In April 2016, I highlighted insurance issues related to business enterprise compromises, or BECs. Yesterday, I had the privilege of presenting on the topic to the Central Jersey Chapter of the Institute of Internal Auditors at its Annual Fraud Conference (thanks to Frank Pina at Mercadian for the invite).
Since I last wrote about the subject, the FBI has determined that BECs, also known as CEO fraud, social engineering and spoofing, are among the most costly forms of cyber-crime. Refresher: the FBI defines a BEC as a “sophisticated scam targeting both businesses and individuals performing wire transfer payments…[that] is frequently carried out when a subject compromises legitimate business e-mail accounts through social engineering or computer engineering techniques to conduct unauthorized transfers of funds.” Common examples of BECs are e-mails that appear to come from a CEO or CFO directing an employee to pay a fake vendor and scammers posing as title insurance representatives sending last-minute changes in wiring instructions to real estate purchasers.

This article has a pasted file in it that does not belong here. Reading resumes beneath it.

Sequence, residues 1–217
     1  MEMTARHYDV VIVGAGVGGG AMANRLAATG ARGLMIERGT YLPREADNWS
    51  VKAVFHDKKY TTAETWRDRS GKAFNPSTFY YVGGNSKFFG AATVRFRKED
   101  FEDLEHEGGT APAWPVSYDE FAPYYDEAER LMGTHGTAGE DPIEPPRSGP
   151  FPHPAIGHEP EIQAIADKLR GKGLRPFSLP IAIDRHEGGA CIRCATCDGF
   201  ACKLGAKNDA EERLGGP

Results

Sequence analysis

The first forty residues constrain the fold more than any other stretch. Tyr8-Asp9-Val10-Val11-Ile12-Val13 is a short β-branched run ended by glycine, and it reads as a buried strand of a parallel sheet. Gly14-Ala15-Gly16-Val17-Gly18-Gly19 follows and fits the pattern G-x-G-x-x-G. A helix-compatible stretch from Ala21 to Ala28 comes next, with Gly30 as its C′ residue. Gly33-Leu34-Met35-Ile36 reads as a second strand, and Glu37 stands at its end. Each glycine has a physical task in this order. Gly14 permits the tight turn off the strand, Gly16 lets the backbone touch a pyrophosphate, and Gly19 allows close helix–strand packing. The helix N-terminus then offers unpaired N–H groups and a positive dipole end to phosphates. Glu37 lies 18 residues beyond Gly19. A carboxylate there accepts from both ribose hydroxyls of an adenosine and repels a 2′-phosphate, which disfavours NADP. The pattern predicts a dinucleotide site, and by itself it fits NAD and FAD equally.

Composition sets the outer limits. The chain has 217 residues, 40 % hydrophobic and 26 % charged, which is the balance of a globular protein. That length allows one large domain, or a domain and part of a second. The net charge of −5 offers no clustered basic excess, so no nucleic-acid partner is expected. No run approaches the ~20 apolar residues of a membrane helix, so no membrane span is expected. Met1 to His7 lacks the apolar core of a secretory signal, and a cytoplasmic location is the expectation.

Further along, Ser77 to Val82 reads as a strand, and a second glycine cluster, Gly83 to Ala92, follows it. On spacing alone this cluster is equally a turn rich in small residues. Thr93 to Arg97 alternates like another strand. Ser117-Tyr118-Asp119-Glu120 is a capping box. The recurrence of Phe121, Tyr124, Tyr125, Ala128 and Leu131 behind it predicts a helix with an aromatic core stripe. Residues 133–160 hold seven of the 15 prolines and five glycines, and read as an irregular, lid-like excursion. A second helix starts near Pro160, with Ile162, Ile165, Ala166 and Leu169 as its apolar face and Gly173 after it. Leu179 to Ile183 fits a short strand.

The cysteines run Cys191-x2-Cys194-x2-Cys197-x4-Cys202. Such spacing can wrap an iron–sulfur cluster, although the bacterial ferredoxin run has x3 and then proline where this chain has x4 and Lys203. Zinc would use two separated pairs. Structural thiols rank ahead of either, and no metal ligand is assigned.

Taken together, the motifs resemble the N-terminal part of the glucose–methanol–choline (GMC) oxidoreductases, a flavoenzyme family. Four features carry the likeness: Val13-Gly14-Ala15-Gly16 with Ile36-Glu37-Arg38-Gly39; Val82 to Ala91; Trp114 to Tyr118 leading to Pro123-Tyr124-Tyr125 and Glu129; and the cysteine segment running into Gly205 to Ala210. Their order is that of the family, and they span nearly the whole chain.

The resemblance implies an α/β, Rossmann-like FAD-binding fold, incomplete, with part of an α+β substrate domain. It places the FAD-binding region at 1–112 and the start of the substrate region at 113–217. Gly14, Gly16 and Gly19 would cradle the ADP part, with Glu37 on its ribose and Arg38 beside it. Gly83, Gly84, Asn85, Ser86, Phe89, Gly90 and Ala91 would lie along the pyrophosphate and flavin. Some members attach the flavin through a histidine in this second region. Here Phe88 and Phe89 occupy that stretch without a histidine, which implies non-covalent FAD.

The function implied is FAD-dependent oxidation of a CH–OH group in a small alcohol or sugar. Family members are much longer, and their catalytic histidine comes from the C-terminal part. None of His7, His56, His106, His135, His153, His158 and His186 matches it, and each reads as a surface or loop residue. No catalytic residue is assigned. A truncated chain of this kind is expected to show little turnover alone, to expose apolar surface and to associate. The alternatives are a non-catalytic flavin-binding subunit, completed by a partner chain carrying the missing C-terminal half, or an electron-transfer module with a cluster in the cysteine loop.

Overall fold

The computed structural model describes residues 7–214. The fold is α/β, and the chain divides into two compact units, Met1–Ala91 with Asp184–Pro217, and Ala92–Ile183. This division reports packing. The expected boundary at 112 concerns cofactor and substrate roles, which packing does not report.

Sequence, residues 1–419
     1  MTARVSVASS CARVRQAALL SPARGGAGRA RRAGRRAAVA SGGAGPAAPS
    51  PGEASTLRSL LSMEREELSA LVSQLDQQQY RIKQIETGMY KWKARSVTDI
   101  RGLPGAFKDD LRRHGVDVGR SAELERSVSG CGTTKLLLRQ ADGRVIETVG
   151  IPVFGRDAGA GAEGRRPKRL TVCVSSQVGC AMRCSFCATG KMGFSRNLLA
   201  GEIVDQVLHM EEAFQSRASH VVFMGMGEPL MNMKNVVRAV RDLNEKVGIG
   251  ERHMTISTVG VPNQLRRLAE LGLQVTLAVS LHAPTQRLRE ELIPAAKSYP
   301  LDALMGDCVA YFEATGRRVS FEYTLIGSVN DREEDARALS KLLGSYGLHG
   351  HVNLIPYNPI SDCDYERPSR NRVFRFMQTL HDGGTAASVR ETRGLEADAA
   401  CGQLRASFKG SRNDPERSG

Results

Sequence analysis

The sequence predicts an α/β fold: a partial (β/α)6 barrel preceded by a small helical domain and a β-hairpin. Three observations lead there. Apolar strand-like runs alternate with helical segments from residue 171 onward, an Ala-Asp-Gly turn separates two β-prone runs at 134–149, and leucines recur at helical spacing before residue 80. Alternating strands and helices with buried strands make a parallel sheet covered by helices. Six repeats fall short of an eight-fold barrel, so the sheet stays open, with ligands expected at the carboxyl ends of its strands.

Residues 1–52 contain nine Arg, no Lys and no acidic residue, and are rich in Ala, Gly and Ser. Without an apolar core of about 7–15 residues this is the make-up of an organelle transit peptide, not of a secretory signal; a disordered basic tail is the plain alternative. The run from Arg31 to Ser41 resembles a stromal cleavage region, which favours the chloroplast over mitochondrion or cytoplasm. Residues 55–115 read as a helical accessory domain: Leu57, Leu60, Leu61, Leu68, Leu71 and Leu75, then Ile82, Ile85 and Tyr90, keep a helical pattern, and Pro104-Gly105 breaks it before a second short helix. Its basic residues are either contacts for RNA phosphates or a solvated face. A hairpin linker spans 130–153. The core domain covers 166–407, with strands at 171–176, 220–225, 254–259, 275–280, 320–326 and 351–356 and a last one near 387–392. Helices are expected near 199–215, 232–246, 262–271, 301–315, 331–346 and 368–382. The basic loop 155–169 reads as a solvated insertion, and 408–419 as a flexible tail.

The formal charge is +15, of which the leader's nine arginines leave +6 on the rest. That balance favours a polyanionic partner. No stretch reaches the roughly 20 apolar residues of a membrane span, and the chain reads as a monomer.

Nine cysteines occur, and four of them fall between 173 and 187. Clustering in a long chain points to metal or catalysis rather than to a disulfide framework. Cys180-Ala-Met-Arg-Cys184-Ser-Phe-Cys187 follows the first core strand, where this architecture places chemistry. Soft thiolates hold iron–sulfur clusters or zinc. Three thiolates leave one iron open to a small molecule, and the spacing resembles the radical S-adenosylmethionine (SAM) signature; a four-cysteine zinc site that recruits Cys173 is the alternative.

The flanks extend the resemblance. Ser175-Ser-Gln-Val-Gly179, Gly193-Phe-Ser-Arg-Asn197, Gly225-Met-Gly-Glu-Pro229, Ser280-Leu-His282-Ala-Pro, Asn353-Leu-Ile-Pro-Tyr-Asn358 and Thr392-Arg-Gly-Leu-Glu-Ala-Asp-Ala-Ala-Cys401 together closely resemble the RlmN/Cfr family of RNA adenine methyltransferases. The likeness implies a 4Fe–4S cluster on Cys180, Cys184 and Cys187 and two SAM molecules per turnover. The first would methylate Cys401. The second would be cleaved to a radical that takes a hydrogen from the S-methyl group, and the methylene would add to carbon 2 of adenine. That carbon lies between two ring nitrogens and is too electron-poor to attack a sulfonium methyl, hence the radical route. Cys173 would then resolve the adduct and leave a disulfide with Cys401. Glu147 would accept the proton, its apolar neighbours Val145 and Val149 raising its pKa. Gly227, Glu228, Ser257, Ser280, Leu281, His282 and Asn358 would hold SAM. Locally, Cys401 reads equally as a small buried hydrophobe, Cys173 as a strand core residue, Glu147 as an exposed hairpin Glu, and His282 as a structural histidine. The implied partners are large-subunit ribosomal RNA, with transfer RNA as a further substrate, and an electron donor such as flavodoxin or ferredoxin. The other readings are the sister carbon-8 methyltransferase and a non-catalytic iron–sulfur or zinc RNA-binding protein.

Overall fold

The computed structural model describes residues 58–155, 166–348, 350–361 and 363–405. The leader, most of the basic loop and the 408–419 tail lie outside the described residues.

Between 2013 and 2018, BECs accounted for over $12.5 billion in reported losses globally. I say reported because the FBI’s data set is limited to self-reported information received through its Internet Complaint Center, or IC3. Many victims of this type of fraud likely do not report it to the FBI for a multitude of reasons. Of these losses, there have been 41,058 incidents in the United States accounting for nearly $3 billion in losses. This figure represents more than half of fraud-related losses reported to the FBI during this -five-year period.
So, what are you going to do about? Yes, you. In preparing for my presentation, I learned of the Messaging Malware Mobile Anti-Abuse Working Group (M3AAWG). This group is composed of FBI and other law enforcement personnel, regulators and government agencies and private companies and citizens. Started in 2015, it’s now the largest global industry association of its kind. The group combats internet abuse and fraud through position papers, training and, most interestingly, setting traps that lead to the arrests of BEC scammers. M3AAWG does this by sending its own socially engineered e-mails to suspected BEC perpetrators to obtain information about what they’ve done, where they’ve done it and, critically, where they are. This process has led to over 100 arrests.
I typically focus on transferring risk, but groups like M3AAWG are proactively attacking the attackers. The hunters are becoming the hunted. And I love it. Yes, companies should ensure that they have appropriate risk transfer mechanisms in place, and they should constantly monitor and invest in their front-line security infrastructure. But maybe you should also consider joining the militia. To find out more about joining M3AAWG, click here (no, this is not a trick).